BY KAREN E. DAVIS
Planting their cowboy boots squarely in our backyard, the Paramount Network has created a new modern-day TV western called Yellowstone, starring Oscar-winner Kevin Costner.
Costner, following in a long line of movie stars taken by the state, calls Paramount’s Yellowstone his “postcard to Montana.”
The series, loosely set just outside the park, debuts June 20. Shooting locations include Living-ston, Helena, the Butte area, the Crow Reservation, Darby, and Hamilton. Interior ranch house scenes in the series were filmed in a studio in Utah.
Costner plays John Dutton, family patriarch of a fictional Yellowstone Ranch, the largest contiguous ranch in the United States, bordered by Yellowstone National Park and a likewise fictional Broken Arrow Indian Reservation.
When Paramount announced production last spring, Deadline.com characterized the show as “an intense study of a violent world…where land grabs make developers billions, and politicians are bought and sold by the world’s largest oil and lumber corporations. Where drinking water poisoned by fracking wells and unsolved murders are not news: They are a consequence of living in the New Frontier. It is the best and worst of America seen through the eyes of a family that represents both.”
Reviews of Yellowstone call it “Masculine, muscular, gritty, vio-lent…” and a tailor-made vehicle for Costner’s acting style. “He’s trying to keep his business afloat during a particularly trying economic down-swing,” indiewire.com wrote. “As outside forces encroach on the Dutton’s literal and figurative territory…there are some explosive consequences.”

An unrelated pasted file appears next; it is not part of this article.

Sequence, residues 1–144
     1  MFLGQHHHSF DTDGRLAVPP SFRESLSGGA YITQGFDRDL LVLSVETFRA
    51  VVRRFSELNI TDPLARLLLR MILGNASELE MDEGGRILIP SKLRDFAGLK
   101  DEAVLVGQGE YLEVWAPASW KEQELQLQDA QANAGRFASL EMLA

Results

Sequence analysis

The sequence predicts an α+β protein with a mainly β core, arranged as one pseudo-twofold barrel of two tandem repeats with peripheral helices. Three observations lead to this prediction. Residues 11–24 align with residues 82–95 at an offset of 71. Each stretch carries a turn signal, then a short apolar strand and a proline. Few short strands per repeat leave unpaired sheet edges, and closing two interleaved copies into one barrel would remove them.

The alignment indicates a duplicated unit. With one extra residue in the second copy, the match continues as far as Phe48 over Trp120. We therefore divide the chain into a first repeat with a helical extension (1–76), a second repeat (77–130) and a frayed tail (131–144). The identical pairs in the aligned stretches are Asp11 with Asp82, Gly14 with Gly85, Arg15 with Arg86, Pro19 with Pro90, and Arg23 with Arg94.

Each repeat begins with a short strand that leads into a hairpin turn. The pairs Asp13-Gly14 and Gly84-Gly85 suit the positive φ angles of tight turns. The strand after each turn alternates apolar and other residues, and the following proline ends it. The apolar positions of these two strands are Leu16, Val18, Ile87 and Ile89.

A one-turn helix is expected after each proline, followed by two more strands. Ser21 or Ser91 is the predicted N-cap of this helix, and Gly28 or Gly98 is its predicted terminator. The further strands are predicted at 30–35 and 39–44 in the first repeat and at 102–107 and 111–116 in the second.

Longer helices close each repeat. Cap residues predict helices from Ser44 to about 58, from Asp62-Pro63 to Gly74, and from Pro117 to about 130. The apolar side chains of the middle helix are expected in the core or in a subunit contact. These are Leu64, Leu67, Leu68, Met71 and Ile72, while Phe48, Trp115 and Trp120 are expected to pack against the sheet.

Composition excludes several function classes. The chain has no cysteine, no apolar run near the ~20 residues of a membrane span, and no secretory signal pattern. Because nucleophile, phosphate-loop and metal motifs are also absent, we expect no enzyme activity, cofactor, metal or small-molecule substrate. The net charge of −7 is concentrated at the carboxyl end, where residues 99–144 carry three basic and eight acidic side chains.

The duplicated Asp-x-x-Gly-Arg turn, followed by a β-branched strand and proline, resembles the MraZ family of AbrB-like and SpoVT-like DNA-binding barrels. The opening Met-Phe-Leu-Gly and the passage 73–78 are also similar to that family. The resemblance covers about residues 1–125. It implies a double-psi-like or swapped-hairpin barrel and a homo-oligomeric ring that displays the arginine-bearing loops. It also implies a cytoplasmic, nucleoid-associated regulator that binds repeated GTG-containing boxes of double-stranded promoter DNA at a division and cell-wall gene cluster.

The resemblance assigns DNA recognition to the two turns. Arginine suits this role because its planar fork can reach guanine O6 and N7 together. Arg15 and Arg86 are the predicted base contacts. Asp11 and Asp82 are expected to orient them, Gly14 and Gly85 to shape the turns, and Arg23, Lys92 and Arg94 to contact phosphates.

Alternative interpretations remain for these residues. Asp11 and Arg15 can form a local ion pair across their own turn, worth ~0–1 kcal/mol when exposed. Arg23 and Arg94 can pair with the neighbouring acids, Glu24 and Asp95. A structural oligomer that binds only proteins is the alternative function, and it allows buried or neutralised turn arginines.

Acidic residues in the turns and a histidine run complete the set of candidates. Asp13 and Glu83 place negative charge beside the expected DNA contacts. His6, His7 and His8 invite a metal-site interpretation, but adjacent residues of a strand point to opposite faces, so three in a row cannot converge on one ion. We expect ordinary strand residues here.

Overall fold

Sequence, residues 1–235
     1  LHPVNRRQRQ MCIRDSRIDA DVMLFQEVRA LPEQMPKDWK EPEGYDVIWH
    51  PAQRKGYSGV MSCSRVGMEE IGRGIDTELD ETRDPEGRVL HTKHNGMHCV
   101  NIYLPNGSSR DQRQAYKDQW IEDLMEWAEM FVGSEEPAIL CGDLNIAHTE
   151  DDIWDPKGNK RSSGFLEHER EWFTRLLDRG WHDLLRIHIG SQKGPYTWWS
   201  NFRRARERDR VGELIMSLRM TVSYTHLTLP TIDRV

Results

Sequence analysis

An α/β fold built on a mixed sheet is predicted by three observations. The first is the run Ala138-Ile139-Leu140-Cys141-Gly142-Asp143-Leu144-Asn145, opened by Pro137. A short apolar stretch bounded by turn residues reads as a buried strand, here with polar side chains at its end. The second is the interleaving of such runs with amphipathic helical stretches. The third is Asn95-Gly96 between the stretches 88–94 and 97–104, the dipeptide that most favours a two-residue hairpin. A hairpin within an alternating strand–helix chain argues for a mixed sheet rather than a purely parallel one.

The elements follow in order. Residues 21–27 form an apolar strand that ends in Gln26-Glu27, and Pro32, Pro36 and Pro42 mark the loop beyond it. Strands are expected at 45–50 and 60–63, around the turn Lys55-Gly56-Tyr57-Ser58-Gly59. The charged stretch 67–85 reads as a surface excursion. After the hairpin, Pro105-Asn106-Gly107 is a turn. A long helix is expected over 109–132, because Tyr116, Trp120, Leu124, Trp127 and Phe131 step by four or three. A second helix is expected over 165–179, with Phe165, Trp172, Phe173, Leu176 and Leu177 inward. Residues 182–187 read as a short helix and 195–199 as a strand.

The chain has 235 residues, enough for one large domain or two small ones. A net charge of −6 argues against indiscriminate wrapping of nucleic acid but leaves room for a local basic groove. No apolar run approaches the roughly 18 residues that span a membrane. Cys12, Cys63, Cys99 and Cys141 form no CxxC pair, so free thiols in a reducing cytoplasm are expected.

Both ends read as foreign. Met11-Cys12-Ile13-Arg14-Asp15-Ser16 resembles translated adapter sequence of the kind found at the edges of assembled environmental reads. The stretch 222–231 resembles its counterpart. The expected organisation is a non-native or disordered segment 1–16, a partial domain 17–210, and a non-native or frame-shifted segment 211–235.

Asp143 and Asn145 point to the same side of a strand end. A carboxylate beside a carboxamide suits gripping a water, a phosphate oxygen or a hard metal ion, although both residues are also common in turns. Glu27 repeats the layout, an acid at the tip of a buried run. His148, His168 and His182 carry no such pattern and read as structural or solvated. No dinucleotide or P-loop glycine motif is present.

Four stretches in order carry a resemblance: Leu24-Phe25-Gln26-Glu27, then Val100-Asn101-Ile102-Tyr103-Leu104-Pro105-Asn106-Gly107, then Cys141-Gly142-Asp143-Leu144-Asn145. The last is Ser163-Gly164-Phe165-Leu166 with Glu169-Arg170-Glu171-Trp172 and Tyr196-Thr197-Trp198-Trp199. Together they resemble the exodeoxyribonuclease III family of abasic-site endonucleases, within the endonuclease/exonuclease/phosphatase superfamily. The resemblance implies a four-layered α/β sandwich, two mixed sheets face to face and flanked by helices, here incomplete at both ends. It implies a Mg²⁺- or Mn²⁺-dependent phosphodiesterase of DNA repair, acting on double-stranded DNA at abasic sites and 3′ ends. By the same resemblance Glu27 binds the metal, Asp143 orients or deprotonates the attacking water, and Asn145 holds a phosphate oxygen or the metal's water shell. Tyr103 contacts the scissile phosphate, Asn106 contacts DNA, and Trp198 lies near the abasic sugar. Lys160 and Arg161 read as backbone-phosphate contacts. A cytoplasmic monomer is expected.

Paramount greenlighted an initial 10 episodes. The production is both Paramount and Costner’s first venture into series TV.
During filming last fall, the Pioneer learned, a variety of events revealed the distinct challenges of filmmaking in general and those particular to Montana.
Outside of Butte, I-15 closed down for half a day to film a dramatic showdown with a convoy of dozens of military trucks. At another time, a bear supposedly wandered through filming, had to be lassoed and “removed,” according to the Ravalli Republic. Not so, said Paramount publicist Perrie Eppie. “It wasn’t a ‘loose’ bear. It was part of a scene that was carefully handled by our animal wranglers.”
Six wolves appear in the show, she teased. “I can’t give away any more (than that) or I risk a spoiler.”
Much drama centers on Costner’s mixed-race daughter-in-law from the neighboring reservation, played by Kelsey Asbille, and his daughter, played by Kelly Riley. Both women add a lot of drama to the series, Eppie told the Pioneer.